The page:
FIG. 2 is a functional block diagram which shows various components of the microcontroller 14. It is contemplated that the functions shown in FIG. 2 may be implemented as software or as a combination of hardware and software. According to further aspects of the invention as illustrated in FIG. 2, the microcontroller 14 provides means 30 for calculating the phase current passing through the circuit breaker 11, with which trip unit 12 is associated. An exemplary trip unit 12 monitors a circuit including one or more phases, with a three-phase circuit being typical. As in FIG. 1, the trip unit 12 is shown in dashed outline to indicate its status as part of the operating environment of the device 10. The trip unit 12 repeatedly transmits a signal on line 31 indicating the current flowing through each one of the phases, with an exemplary transmission interval being every two seconds. An exemplary signal is an integer in ASCII format representing the average of the squares of the current flow. To calculate an RMS value of the current flow, the microcontroller 14 is programmed or otherwise configured to convert the integer from ASCII to decimal, and to take the square root of the decimal value. The result is multiplied by the rating of circuit breaker 11 divided by 100, and is adjusted depending on whether the signal from the trip unit 12 is amplified. A signal representing the calculated phase current is directed to a suitable display means 32 and also to max log recording means 41 and average current calculating means 33, which are described below.

Display means 32, coupled as shown in FIG. 2, is provided for displaying the RMS value of the phase current passing through the circuit breaker 11, as calculated above. Exemplary display means 32 includes an LCD display that is updated each time new data is received from the trip unit 12. Also, if an exemplary time period, such as 2.5 seconds, passes with no signal from the trip unit 12, the microcontroller 14 causes display means 32 to display an error message indicating that the trip unit 12 is not communicating.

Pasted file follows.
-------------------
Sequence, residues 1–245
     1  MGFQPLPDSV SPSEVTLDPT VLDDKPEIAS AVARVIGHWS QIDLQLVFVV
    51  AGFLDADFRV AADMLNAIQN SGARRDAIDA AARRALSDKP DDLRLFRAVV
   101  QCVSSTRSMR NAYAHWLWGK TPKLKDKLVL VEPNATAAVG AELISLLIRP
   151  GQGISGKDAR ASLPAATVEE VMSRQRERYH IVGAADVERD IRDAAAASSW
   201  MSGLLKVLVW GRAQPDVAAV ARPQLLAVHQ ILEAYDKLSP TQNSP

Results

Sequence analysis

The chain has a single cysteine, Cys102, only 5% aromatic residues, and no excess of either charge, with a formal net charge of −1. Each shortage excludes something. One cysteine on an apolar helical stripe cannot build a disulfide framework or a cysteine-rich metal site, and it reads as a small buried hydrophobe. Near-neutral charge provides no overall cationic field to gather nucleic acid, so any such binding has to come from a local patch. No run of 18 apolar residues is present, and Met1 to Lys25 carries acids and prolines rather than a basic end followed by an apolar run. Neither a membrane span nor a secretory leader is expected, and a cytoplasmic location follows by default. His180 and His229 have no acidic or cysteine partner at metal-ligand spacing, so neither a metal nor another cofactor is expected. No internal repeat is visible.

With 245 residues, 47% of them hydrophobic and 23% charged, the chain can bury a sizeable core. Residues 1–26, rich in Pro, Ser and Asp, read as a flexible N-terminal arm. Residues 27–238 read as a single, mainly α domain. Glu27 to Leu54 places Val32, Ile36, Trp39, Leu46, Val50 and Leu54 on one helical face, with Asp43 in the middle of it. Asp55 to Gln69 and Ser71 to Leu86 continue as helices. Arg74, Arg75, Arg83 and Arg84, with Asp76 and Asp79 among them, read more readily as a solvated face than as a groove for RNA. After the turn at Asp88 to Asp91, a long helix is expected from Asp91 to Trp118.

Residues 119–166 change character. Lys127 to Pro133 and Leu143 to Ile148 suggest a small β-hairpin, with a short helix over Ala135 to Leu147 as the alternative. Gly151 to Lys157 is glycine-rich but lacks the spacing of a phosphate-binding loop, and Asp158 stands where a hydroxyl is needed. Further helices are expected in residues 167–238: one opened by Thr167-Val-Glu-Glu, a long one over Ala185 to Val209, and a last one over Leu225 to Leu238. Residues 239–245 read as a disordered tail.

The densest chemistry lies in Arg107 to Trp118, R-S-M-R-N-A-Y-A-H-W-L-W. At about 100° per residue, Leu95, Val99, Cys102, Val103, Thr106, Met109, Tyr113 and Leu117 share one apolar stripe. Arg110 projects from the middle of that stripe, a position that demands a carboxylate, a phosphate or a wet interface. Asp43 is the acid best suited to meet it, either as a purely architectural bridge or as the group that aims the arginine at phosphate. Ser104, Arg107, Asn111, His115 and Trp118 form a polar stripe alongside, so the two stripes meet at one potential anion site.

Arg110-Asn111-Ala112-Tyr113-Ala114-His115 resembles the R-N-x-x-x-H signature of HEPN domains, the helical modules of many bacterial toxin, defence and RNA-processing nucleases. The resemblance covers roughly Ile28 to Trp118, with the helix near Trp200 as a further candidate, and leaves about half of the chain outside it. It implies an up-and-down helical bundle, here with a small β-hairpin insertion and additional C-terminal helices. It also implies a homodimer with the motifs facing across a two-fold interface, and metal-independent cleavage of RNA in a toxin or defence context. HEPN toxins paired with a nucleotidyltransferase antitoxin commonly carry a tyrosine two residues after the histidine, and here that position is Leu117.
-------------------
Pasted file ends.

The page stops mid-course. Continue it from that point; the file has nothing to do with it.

The microcontroller 14 provides means 33 for calculating the average current passing through the circuit breaker 11, with which trip unit 12 is associated. For example, given a three-phase circuit, the microcontroller 14 sums the RMS values of the currents flowing through each of the three phases, and divides the sum by three to produce an average. This calculation is repeated each time the trip unit 12 sends new data. Display means 32 displays the calculated average current passing through the circuit breaker 11. Average current calculating means 33 receives as input a signal representing the phase current(s) from phase current calculating means 30.

The microcontroller 14 provides means 34 for calculating the ground current passing through the circuit breaker 11, with which trip unit 12 is associated. The trip unit 12 periodically transmits on line 35 a signal indicating the average of the squares of the ground fault current samples. An exemplary signal on line 35 represents an integer in ASCII format. The microcontroller 14 computes an RMS value by converting the ASCII integer to decimal format and then taking the square root of the decimal value. The result is multiplied by the rating of circuit breaker 11 divided by 100, and is adjusted depending on whether the signal from the trip unit 12 is amplified. The calculated ground current is then displayed on the display means 32.

The microcontroller 14 provides means 37 for calculating the phase imbalance of the circuit monitored by the circuit breaker 11, that is, the difference between the current flowing in each phase of the circuit being monitored and the average current flowing all three phases. For a typical three-phase circuit, the microcontroller 14 computes the difference between the current flowing in each phase and the average current, takes the absolute value of this difference, divides the result by the average current, and multiplies by 100 to arrive at a percentage. The results are displayed on the display means 32. For convenience, only the phase having the highest phase imbalance is selected for display on the display means 32. As input, the phase imbalance calculating means 37 receives the signal representing the phase current(s) from the phase current calculating means 30.

The microcontroller 14 provides means 38 for receiving a status message from the trip unit 12. The status messages typically indicate whether the trip unit 12 is operating normally or is in overload. The trip unit 12 periodically transmits status messages, for example every 0.4 seconds. The microcontroller 14 analyzes this signal to determine whether the circuit breaker 11 is in overload, and displays the status of the trip unit 12 on the display means 32. The trip unit status receiving means 38 is coupled to provide an output signal representing the status of the trip unit 12 to display means 32 and to time log recording means 40.